Meet us on:
Entire Site
    Try our fun game

    Dueling book covers…may the best design win!

    Random Quote
    "One doesn't have a sense of humor. It has you."

    Subscribe to Our Newsletter

    Follow us on Twitter

    Never miss a good book again! Follow Read Print on Twitter

    Ch. 19 - In the Forest

    • Rate it:
    Launch Reading Mode Next Chapter
    Chapter 19
    Previous Chapter
    We are a long way over the elv. We have left the corn-fields behind,
    and have just come into the forest, where we halt at that small inn,
    which is ornamented over the doors and windows with green branches for
    the Midsummer festival. The whole kitchen is hung round with branches
    of birch and the berries of the mountain-ash: the oat-cakes hang on
    long poles under the ceiling; the berries are suspended above the head
    of the old woman who is just scouring her brass kettle bright.

    The tap-room, where the peasant sits and carouse, is just as finely
    hung round with green. Midsummer raises its leafy arbour everywhere,
    yet it is most flush in the forest--it extends for miles around. Our
    road goes for miles through that forest, without seeing a house, or
    the possibility of meeting travellers, driving, riding or walking.
    Come! The ostler puts fresh horses to the carriage; come with us into
    the large woody desert: we have a regular trodden way to travel, the
    air is clear, here is summer's warmth and the fragrance of birch and
    lime. It is an up and down hill road, always bending, and so, ever
    changing, but yet always forest scenery--the close, thick forest. We
    pass small lakes, which lie so still and deep, as if they concealed
    night and sleep under their dark, glassy surfaces.

    We are now on a forest plain, where only charred stumps of trees are
    to be seen: this long tract is black, burnt, and deserted--not a bird
    flies over it. Tall, hanging birches now greet us again; a squirrel
    springs playfully across the road, and up into the tree; we cast our
    eye searchingly over the wood-grown mountain-side, which slopes so
    far, far forward; but not a trace of a house is to be seen: nowhere
    does that blueish smoke-cloud rise, that shows us, here are

    The sun shines warm; the flies dance around the horses, settle on
    them, fly off again, and dance, as though it were to qualify
    themselves for resting and being still. They perhaps think: "Nothing
    is going on without us: there is no life while we are doing nothing."
    They think, as many persons think, and do not remember that Time's
    horses always fly onward with us!

    How solitary it is here!--so delightfully solitary! one is so entirely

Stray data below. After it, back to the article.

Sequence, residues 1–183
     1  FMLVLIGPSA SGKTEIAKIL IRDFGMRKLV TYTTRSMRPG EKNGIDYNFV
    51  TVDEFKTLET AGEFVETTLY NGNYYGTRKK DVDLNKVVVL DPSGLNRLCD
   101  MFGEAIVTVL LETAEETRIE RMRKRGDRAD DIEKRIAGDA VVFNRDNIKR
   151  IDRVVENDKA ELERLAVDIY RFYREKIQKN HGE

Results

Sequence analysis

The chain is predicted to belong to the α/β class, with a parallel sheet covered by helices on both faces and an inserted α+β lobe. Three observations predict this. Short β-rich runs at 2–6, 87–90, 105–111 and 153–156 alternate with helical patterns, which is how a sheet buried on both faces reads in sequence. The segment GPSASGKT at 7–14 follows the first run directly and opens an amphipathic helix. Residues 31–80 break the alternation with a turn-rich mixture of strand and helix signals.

alone with God and one's self. As the sunlight streams forth over the
    earth, and over the extensive solitary forests, so does God's spirit
    stream over and into mankind; ideas and thoughts unfold
    themselves--endless, inexhaustible, as he is--as the magnet which
    apportions its powers to the steel, and itself loses nothing thereby.
    As our journey through the forest-scenery here along the extended
    solitary road, so, travelling on the great high-road of thought, ideas
    pass through our head. Strange, rich caravans pass by from the works
    of poets, from the home of memory, strange and novel--for capricious
    fancy gives birth to them at the moment. There comes a procession of
    pious children with waving flags and joyous songs; there come dancing
    Moenades, the blood's wild Bacchantes. The sun pours down hot in the
    open forest: it is as if the Southern summer had laid itself up here
    to rest in Scandinavian forest-solitude, and sought itself out a glade
    where it might lie in the sun's hot beams and sleep: hence this
    stillness, as if it were night. Not a bird is heard to twitter, not a
    pine-tree moves: of what does the Southern summer dream here in the
    North, amongst pines and fragrant birches?

    In the writings of the olden time, from the classic soil of the South,
    are _sagas_ of mighty fairies who, in the skins of swans, flew towards
    the North, to the Hyperborean's land, to the east of the north wind;
    up there, in the deep, still lakes, they bathed themselves, and
    acquired a renewed form. We are in the forest by these deep lakes; we
    see swans in flocks fly over us, and swim upon the rapid elv and on
    the still waters. The forests, we perceive, continue to extend further
    towards the west and the north, and are more dense as we proceed: the
    carriage-roads cease, and one can only pursue one's way along the